Suga Expected to Formalize Bid for Japan Prime Minister’s Job

Yoshihide Suga, a top aide to outgoing Japanese Prime Minister Shinzo Abe, was set to formally announce a bid to replace his boss, with the party’s powerful factions indicating they’ll deliver him enough votes to win the race.

Suga, 71, said Wednesday he would discuss the race for Liberal Democratic Party president at a 5 p.m. news conference in Tokyo, as he appeared to have racked up an almost insurmountable lead over his two rivals. The long-time chief cabinet secretary was expected to announce his candidacy for the Sept. 14 leadership election, Kyodo News reported, without indicating the source of the information.

Victory would all but ensure Suga’s rise to become Japan’s first new prime minister in almost eight years, since the ruling LDP will hold sway over a parliament vote on or about Sept 16 to confirm the new leader. The only other declared candidates — former Defense Minister Shigeru Ishiba and ex-Foreign Minister Fumio Kishida — face long odds as the party’s biggest factions line up for Suga.

While Ishiba has led public surveys about Japan’s next leader, the party has quickly coalesced behind Suga after Abe’s surprise decision Friday to resign due to health problems. Between factions that have already indicated support for Suga and the dozen or so lawmakers in his own non-aligned camp, his tally already stands at 276 votes, about 10 more than he would need to assume leadership of the ruling party.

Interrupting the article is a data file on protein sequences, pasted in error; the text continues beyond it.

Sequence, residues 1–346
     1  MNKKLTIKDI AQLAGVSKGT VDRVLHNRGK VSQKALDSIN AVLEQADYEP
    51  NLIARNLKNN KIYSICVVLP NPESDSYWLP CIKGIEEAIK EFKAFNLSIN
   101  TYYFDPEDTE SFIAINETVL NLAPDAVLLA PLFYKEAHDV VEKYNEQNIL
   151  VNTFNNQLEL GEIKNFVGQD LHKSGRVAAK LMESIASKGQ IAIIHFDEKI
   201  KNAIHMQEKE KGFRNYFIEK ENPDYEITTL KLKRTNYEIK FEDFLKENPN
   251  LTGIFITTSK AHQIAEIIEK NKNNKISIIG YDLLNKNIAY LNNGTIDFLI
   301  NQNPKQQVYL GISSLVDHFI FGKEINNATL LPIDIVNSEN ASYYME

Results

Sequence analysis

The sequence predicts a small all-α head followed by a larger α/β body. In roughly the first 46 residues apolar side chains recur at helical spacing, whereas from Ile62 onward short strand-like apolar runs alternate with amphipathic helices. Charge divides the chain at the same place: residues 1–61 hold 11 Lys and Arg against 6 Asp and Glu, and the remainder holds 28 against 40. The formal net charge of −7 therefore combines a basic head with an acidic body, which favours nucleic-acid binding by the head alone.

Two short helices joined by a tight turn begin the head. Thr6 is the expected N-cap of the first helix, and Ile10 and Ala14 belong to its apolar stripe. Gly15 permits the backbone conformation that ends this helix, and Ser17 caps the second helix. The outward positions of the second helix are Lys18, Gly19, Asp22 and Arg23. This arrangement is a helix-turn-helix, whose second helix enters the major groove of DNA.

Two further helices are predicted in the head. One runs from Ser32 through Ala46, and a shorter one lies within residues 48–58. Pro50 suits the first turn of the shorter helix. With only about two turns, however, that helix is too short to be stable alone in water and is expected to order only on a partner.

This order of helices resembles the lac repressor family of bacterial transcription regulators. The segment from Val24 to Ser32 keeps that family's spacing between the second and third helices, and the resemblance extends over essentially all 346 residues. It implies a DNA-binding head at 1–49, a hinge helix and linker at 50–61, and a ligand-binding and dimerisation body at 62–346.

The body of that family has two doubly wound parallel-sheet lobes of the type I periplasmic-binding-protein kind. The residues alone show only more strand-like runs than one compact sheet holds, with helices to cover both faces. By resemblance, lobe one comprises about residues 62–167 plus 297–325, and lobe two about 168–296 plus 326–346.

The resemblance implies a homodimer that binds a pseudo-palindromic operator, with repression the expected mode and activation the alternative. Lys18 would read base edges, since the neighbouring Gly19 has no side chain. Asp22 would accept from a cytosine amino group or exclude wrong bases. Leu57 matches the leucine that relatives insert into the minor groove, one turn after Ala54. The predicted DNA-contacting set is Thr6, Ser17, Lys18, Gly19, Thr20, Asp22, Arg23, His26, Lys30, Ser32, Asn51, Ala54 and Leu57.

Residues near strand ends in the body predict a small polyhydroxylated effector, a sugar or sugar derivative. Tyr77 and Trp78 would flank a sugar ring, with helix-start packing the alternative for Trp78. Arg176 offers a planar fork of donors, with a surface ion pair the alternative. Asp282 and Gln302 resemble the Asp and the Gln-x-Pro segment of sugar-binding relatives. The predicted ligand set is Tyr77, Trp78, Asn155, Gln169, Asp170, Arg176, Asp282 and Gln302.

For more on Japan’s political change:
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  • Here’s Who to Look Out for in the Race to Succeed Japan’s Abe
  • Japan’s Suga Favorite to Succeed Abe After Party Limits Vote
  • Abe, Japan’s Longest-Serving Premier, Resigns Due to Health

Suga served as the backroom enforcer who helped Abe turn an unlikely comeback into a record-breaking run as prime minister. He fended off daily questions as the Abe government as it weathered several scandals during its nearly eight years in power.

The LDP on Tuesday opted for an expedited voting system that favors lawmakers over rank-and-file members. Ishiba won the rank-and-file vote over Abe in 2012, but lost the overall race. Suga has already secured support from five of LDP’s seven biggest factions, excluding those led by Ishiba and Kishida.

Abe first resigned from office in 2007, citing a digestive disorder. When he returned in 2012, expectations for an extended spell at the top were low. Suga’s management of the party and tighter control of the bureaucracy were among the factors that kept Abe’s administration on an even keel.

Having served as Abe’s top political captain, Suga would be the most seamless successor in terms of economic policy. Suga has frequently emphasized the importance of reviving the pandemic-hit economy.

He’s also shown an occasional willingness to play to the public by calling for cheaper mobile phone rates and helping exempt food from the 2019 sales tax increase. Expanding inbound tourism and building Japan’s first gambling resorts are also among his pet projects.

Suga has largely echoed Abe’s foreign policy views, although he has so far avoided hawkish moves that might alarm neighbors China and South Korea, such as visiting the controversial Yasukuni war shrine, seen by many in Asia as a symbol of Japan’s past militarism.

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